05/13/2011 04:57

Even after the most productive April since 2003, Water Authority warns that the country is still in a critical situation regarding water consumption.

As the country continues to get inundated with unseasonable rainfall, the Water Authority warns that the country is still in a critical situation regarding water consumption, even after the most productive April since 2003, according to statistics released this week by the Authority.

Nationwide, precipitation accumulation has only reached 89 percent of average levels, according to the data, which compared the results to last year’s rainfalls, and analyzed the country’s overall condition at the conclusion of this year’s rainy season.

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While rainfall for April – particularly in the North – has exceeded typical amounts for the month, and Israel Meteorological Services predicts even more showers for this weekend, the Water Authority maintains that citizens should not become complacent about their water consumption.

“Of course the moment you get rain in April and May, it releases you from irrigating agriculture. That itself saves a lot of water – but the water situation is still very, very critical,” Water Authority spokesman Uri Schor told The Jerusalem Post.

“First of all, we have not reached the average. Second, the demand for water in Israel is larger than the average amount of natural rainfall that we receive in the winter, and third, we are currently following six years of drought. Therefore, the water reserves are empty,” Schor said.

Rainfall into Lake Kinneret was successful both this April and March in comparison to last year, but total water accumulation for the region’s entire rainy season did not fare as well, according to the Water Authority.

Kinneret water levels increased this April by 31 centimeters, compared to a rise of 4 cm. during the same month last year. Meanwhile, the volume of water available in the same month amounted to 60 million cubic meters, exceeding last April’s accumulation of 27, as well as the April average of 47

In comparison, however, the total available water amassed in the Kinneret throughout the entire season was only 297, compared to last year’s 330, and the annual average of 338, according to the Water Authority report.

While Schor previously predicted that the Kinneret levels would fall below the basin’s bottom red line by the end of May, he now estimates that this drop might be delayed by another month due to the recent and developing rainfall.

“But toward the end of the summer we will nearly reach the black line,” said Schor, noting that the black line is located at 214.87 meters below sea level, while the bottom red line stands at 213 meters below sea level.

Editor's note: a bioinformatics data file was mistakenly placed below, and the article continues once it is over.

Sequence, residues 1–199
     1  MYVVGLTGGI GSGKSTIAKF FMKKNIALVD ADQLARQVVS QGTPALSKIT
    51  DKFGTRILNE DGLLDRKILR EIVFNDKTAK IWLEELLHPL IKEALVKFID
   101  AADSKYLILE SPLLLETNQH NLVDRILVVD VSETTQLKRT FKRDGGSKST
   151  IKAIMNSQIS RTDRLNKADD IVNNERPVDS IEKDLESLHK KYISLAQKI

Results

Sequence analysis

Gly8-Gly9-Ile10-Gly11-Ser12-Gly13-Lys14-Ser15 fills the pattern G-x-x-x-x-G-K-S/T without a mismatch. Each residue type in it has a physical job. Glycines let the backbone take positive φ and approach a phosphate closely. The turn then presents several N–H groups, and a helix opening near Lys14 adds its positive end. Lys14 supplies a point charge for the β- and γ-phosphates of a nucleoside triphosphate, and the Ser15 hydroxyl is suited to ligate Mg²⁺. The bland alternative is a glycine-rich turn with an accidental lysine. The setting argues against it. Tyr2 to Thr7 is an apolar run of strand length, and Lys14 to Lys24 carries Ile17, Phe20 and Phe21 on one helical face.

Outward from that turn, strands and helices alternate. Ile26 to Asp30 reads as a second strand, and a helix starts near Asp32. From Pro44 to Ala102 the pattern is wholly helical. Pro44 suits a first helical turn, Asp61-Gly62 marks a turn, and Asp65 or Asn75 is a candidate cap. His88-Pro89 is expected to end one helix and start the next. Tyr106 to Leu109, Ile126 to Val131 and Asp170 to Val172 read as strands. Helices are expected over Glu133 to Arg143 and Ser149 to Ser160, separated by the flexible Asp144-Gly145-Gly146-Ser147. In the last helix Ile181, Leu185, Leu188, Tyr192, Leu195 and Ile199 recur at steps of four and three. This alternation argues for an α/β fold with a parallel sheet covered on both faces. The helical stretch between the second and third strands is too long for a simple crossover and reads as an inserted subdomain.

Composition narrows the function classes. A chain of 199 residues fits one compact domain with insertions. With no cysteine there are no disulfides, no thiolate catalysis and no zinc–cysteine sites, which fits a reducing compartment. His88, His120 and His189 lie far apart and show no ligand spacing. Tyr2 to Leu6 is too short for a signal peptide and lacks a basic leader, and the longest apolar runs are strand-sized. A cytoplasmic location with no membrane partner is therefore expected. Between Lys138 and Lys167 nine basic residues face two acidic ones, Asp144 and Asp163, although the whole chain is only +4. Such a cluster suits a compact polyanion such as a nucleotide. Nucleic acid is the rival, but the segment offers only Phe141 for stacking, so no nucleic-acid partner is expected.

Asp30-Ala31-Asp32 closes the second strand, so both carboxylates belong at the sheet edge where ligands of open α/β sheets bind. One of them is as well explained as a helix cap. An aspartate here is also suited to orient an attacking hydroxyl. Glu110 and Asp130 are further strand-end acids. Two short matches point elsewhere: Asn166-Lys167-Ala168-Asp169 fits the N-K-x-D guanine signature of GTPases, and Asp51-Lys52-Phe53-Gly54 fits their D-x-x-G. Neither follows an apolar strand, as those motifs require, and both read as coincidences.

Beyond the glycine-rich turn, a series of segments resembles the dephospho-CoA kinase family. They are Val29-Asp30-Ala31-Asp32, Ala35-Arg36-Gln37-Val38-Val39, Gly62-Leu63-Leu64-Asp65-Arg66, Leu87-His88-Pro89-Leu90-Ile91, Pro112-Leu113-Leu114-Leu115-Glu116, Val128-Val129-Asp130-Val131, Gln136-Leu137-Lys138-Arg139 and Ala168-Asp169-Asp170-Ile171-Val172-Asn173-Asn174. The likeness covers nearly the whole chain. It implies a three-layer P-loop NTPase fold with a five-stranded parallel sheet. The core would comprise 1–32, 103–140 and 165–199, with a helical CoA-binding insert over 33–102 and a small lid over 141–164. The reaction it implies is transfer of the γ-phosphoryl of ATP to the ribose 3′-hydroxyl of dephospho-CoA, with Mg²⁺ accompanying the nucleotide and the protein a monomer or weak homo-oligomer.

April precipitation was particularly high in the Western Galilee, where quantities exceeded the typical average by three times, according to authority statistics. In central Israel’s basins, water levels reached average values for the first time during this year’s rainy season, the report said.

Meanwhile, the April water flow rate in the Dan, Banias and Tananim springs, all located in the North, was high compared to the parallel period last year.

“This year the rain was mainly in the North, and in the Center and South it wasn’t rainy enough,” Schor said.

Outside the North, for example, the Dead Sea water level in April decreased by 6 cm. in April, after a similar drop in March, leaving the saline body standing at 424.44 m. below sea level.

Groundwater levels throughout the country also experienced an overall rise in April, with a 13 cm. rise in the southern portion of the Yarkon-Tanimin Aquifer; but 8 cm. and 2 cm. drops in its northern and central segments, respectively. The Mediterranean Coastal Aquifer rose 4 cm. at its southern tip, remained stable in its center and dropped slightly in its northern segment.

While these statistics seem to indicate a stronger performance in southern versus northern areas, Schor said that this is not actually the case, as the results are only measured after the authority has pumped water out of individual segments for consumer use – a process that usually occurs in the northern portions.

“The water system is very efficient here in Israel. You receive your water from the taps – a combination drawn from the Sea of Galilee, the Coastal Aquifer, Mountain Aquifer and even desalination plants, which comes together into a main pump,” Schor said. “This gives us the possibility to pump different amounts of water from every source, depending on the hydrological situation at each one. For instance, you can get water in your house even if no one pumps water from the Kinneret.

“April was better than usual, and presumably May will be too, as we are expecting to get rain this weekend as well,” Schor said, warning, however, that “we look at the situation as a whole.”